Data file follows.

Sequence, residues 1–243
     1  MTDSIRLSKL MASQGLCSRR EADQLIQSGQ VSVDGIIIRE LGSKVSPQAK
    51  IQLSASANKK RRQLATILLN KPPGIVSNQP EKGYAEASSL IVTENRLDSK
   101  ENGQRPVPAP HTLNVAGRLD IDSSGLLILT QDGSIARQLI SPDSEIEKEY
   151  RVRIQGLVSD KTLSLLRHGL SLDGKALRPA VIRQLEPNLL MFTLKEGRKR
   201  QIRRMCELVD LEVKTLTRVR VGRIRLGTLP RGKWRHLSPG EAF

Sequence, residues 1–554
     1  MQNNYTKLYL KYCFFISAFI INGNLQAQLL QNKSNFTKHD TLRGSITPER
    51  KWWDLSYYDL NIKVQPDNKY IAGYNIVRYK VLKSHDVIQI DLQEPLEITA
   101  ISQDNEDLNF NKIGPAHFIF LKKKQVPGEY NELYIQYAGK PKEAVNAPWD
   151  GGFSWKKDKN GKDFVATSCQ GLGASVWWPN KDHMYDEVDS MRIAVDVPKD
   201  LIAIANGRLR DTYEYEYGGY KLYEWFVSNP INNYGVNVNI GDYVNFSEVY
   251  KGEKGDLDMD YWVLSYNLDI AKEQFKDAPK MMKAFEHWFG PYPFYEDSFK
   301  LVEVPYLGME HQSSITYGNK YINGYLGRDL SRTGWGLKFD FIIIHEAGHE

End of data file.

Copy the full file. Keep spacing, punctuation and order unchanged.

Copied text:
Sequence, residues 1–243
     1  MTDSIRLSKL MASQGLCSRR EADQLIQSGQ VSVDGIIIRE LGSKVSPQAK
    51  IQLSASANKK RRQLATILLN KPPGIVSNQP EKGYAEASSL IVTENRLDSK
   101  ENGQRPVPAP HTLNVAGRLD IDSSGLLILT QDGSIARQLI SPDSEIEKEY
   151  RVRIQGLVSD KTLSLLRHGL SLDGKALRPA VIRQLEPNLL MFTLKEGRKR
   201  QIRRMCELVD LEVKTLTRVR VGRIRLGTLP RGKWRHLSPG EAF

Sequence, residues 1–554
     1  MQNNYTKLYL KYCFFISAFI INGNLQAQLL QNKSNFTKHD TLRGSITPER
    51  KWWDLSYYDL NIKVQPDNKY IAGYNIVRYK VLKSHDVIQI DLQEPLEITA
   101  ISQDNEDLNF NKIGPAHFIF LKKKQVPGEY NELYIQYAGK PKEAVNAPWD
   151  GGFSWKKDKN GKDFVATSCQ GLGASVWWPN KDHMYDEVDS MRIAVDVPKD
   201  LIAIANGRLR DTYEYEYGGY KLYEWFVSNP INNYGVNVNI GDYVNFSEVY
   251  KGEKGDLDMD YWVLSYNLDI AKEQFKDAPK MMKAFEHWFG PYPFYEDSFK
   301  LVEVPYLGME HQSSITYGNK YINGYLGRDL SRTGWGLKFD FIIIHEAGHE